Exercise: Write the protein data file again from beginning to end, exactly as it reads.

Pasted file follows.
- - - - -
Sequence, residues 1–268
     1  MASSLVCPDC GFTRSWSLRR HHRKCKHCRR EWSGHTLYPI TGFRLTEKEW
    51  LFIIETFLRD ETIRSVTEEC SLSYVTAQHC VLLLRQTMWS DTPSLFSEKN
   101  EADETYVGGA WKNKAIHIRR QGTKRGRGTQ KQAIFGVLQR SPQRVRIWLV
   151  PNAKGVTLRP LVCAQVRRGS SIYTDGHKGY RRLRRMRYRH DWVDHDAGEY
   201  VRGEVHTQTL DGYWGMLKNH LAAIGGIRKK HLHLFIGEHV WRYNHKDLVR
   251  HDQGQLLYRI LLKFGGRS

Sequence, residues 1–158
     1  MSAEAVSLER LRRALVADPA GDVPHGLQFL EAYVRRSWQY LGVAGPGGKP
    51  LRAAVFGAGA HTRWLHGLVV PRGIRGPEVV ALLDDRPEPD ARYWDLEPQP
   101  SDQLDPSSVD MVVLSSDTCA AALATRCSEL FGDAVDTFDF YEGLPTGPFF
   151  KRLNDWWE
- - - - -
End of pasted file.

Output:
Sequence, residues 1–268
     1  MASSLVCPDC GFTRSWSLRR HHRKCKHCRR EWSGHTLYPI TGFRLTEKEW
    51  LFIIETFLRD ETIRSVTEEC SLSYVTAQHC VLLLRQTMWS DTPSLFSEKN
   101  EADETYVGGA WKNKAIHIRR QGTKRGRGTQ KQAIFGVLQR SPQRVRIWLV
   151  PNAKGVTLRP LVCAQVRRGS SIYTDGHKGY RRLRRMRYRH DWVDHDAGEY
   201  VRGEVHTQTL DGYWGMLKNH LAAIGGIRKK HLHLFIGEHV WRYNHKDLVR
   251  HDQGQLLYRI LLKFGGRS

Sequence, residues 1–158
     1  MSAEAVSLER LRRALVADPA GDVPHGLQFL EAYVRRSWQY LGVAGPGGKP
    51  LRAAVFGAGA HTRWLHGLVV PRGIRGPEVV ALLDDRPEPD ARYWDLEPQP
   101  SDQLDPSSVD MVVLSSDTCA AALATRCSEL FGDAVDTFDF YEGLPTGPFF
   151  KRLNDWWE